Against this background, the recent enthusiasm for dragging elderly alleged war criminals blinking into the spotlight looks like a political rather than a legal exercise. Before the special police unit investigating alleged Nazi war criminals in Britain was wound up, it managed to establish just two cases fit for prosecution, with one conviction, out of 380 investigations. Home secretary Jack Straw may well be right to say that, with all the problems caused by the passing of time, there is insufficient evidence to bring a suspect like Konrad Kalejs to trial in the UK today. But giving such cases high-profile publicity can still serve an important purpose, allowing the authorities to parade the living dead of Nazism across the national stage in a morality play that prompts us to remind ourselves that Britain is not only Great, but Good.

The Holocaust has become perhaps the ultimate symbol of our victim culture. There is no higher moral status in society today than that of the victim. And in the hierarchy of victims, none occupies a higher status than Holocaust survivors - or even second- and third-generation survivors, as some of their children and grandchildren now style themselves. Many in search of an identity now seem to want a piece of the Holocaust for themselves, in order to endow them with the status of traumatised survivors and so boost their own claims for recognition by society. Campaigners claiming to represent other groups who suffered at the hands of the Nazis, such as gays or gypsies, have demanded their own Holocaust memorials, while those who have suffered oppression more recently are often compared with the Jewish victims of the Holocaust. As Frank Furedi argued in the last issue of LM, the Holocaust has become 'the icon of the new therapeutic history'.

Now, however, with the Nazi hunters running out of old Nazis, the search is on to find alternative faces of evil to take their place in the stocks. The trend today is to discover new Nazis and fresh Holocausts in faraway places. Regional conflicts around the world are now routinely equated with the Nazi experience, by appropriating the language of genocide. The most successful example of this so far has surely been the 'Nazification' of the Serbs in the eyes of Western society.

Nazifying the Serbs was how Tony Blair and his ministers legitimised NATO's war in Kosovo last year as a 'battle between good and evil'. The Serbs have been linked with the Nazis through accusations that they have committed genocide, first in Bosnia and then in Kosovo. A significant part of the responsibility for this Nazification campaign lies with those sections of the media that have been guilty of displaying an anti-Serb bias, which Nik Gowing, Channel 4 diplomatic editor at the time, described as 'a secret shame' of the journalism community during the Bosnian civil war.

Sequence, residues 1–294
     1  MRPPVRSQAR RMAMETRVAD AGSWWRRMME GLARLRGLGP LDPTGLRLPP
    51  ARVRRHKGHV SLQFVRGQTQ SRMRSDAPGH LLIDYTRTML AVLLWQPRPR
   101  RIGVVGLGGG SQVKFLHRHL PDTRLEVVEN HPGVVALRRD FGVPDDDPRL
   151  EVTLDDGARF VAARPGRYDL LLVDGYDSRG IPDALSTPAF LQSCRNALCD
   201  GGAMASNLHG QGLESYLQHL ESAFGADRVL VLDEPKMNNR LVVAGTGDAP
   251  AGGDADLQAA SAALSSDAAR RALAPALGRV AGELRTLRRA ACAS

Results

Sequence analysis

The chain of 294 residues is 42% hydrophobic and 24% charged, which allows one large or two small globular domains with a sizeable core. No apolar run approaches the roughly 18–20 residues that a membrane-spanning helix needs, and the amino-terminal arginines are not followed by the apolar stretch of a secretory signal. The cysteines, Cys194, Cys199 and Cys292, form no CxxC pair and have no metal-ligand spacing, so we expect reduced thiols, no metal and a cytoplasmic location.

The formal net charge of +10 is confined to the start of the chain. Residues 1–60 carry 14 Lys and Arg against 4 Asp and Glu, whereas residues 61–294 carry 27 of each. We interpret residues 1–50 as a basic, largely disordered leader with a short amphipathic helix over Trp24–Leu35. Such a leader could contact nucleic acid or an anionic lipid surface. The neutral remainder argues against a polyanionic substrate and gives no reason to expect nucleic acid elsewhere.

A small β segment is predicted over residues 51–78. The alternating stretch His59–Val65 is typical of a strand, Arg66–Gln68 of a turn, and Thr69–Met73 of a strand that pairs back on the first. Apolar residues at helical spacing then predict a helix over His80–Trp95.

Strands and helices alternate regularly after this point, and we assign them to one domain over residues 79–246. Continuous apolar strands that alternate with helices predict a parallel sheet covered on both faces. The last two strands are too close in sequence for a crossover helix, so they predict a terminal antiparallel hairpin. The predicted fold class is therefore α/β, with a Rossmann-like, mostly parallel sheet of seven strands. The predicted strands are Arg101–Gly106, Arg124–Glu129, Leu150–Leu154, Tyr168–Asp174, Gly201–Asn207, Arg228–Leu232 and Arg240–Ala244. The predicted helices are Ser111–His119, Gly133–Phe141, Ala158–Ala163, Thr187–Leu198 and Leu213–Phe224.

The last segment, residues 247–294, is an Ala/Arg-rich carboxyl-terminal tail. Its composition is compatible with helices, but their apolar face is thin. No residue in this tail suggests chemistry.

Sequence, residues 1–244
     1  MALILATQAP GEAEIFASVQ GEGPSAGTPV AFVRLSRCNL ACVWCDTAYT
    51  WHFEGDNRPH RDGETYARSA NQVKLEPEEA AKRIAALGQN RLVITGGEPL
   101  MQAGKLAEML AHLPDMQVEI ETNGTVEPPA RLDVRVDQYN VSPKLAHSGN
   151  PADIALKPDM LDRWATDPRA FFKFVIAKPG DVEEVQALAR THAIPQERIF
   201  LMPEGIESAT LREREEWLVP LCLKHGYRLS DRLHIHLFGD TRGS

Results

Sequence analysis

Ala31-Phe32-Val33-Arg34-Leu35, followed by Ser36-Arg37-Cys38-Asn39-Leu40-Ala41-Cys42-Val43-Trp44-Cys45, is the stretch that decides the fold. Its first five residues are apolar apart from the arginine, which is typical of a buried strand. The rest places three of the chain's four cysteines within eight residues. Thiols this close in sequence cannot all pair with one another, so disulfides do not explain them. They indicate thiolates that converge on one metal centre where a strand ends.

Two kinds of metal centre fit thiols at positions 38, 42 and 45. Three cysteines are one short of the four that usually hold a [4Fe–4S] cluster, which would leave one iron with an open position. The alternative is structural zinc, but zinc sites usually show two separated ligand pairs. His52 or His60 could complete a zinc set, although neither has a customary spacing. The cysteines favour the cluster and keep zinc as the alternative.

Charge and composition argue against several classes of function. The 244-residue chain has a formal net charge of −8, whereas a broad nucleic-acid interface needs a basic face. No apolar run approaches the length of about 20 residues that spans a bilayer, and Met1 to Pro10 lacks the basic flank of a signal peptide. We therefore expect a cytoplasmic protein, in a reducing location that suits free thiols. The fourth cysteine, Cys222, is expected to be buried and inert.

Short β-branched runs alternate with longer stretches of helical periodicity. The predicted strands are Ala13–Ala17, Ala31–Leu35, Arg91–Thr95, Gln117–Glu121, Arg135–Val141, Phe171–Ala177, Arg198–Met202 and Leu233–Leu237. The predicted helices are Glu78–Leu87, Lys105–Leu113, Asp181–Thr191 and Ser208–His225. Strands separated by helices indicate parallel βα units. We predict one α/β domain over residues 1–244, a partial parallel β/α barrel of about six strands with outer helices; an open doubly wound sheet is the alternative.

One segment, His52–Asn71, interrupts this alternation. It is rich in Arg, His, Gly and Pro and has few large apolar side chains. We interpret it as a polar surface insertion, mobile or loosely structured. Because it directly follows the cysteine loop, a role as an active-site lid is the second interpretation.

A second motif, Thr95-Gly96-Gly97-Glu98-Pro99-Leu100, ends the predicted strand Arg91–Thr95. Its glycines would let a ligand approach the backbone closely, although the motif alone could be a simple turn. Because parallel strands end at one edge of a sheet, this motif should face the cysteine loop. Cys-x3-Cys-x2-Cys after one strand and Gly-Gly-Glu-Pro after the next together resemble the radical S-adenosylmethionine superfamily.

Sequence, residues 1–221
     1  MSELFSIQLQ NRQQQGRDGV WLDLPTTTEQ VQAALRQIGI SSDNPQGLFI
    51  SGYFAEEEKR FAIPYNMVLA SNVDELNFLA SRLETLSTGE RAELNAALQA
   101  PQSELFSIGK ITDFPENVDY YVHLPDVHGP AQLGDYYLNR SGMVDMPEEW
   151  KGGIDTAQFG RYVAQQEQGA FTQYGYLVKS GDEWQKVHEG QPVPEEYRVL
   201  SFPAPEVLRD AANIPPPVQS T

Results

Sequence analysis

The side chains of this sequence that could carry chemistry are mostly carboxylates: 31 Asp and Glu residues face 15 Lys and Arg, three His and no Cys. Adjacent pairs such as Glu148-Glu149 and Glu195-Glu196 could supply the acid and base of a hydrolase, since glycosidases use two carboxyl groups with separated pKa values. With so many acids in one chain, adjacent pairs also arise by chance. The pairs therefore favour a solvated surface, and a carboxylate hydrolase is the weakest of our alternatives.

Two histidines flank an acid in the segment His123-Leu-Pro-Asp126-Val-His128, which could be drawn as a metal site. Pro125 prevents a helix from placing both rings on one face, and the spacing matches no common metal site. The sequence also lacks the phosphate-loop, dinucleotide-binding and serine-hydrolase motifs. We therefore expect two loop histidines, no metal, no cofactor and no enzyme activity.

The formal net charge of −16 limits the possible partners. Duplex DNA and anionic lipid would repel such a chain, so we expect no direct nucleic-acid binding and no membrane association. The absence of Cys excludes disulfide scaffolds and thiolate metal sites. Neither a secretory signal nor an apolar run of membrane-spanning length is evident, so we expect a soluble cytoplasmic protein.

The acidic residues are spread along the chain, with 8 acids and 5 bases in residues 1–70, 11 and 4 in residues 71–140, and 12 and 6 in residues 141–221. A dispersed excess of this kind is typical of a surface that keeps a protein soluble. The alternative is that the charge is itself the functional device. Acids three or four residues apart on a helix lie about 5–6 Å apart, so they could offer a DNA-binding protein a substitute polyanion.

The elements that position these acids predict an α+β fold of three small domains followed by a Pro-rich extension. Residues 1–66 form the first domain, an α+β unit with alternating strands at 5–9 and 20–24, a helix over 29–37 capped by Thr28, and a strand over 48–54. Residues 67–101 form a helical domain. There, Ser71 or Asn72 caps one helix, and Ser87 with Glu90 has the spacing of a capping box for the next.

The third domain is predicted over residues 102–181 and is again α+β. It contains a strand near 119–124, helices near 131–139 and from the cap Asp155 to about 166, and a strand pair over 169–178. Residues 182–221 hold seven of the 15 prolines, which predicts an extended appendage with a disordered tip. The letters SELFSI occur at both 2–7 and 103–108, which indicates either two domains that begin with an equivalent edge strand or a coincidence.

From the start of the war against the Serbs over Kosovo, British government ministers and the media supporting them continually drew parallels with the Second World War and suggested that the Serbs were guilty of Nazi-style genocide. On 18 June, for example, the Mirror splashed a story about the Serbs burning hundreds of bodies of ethnic Albanians in the Trepca mine under the headline 'The Serb Auschwitz'. Four months later, when the International War Crimes Tribunal admitted that its investigation into the mine had turned up no evidence of any bodies, there was no sign of any banner headlines reporting that story.

LM has consistently criticised attempts to draw inappropriate parallels between the Holocaust and contemporary conflicts around the world. Our aim has been, not to make excuses for the atrocities that did happen in Bosnia and Kosovo as in all wars, but to argue that there is an unacceptably heavy price to pay for this exploitation of the Holocaust. It distorts our understanding of both the present and the past. For instance, once a people like the Serbs have been branded as the new Nazis, there is no need to understand the complexities of Balkan politics or the dangers of international intervention. By turning a political problem into a black and white moral issue, the Holocaust-mongers offer an easy cause for war based on ignorance.

Worse still, anything that suggests that the slaughter of six million Jews should be compared to today's local conflicts can only serve to belittle the unique horror of the Holocaust itself. Asked to justify NATO's bombing campaign, Labour MP Harry Cohen even declared that 'as we start a new century, we must try to halt the rise in Holocausts', as if he were talking about something as commonplace as an increase in interest rates.

There are two kinds of Holocaust revisionism today. There are a handful of morons who deny that the slaughter of six million ever happened, and who have about as much influence as the flat Earth society. These people should not be banned, but exposed to public ridicule. And then there are people in high places who, however worthy their intentions may be, are helping to rewrite the place of the Holocaust in history. By equating every civil war with the Holocaust, and by raising it in relation to every moral issue, they are in danger of rendering the barbarism of the Final Solution banal. It is high time their case was tried in the open court of public opinion.

Reproduced from LM issue 127, February 2000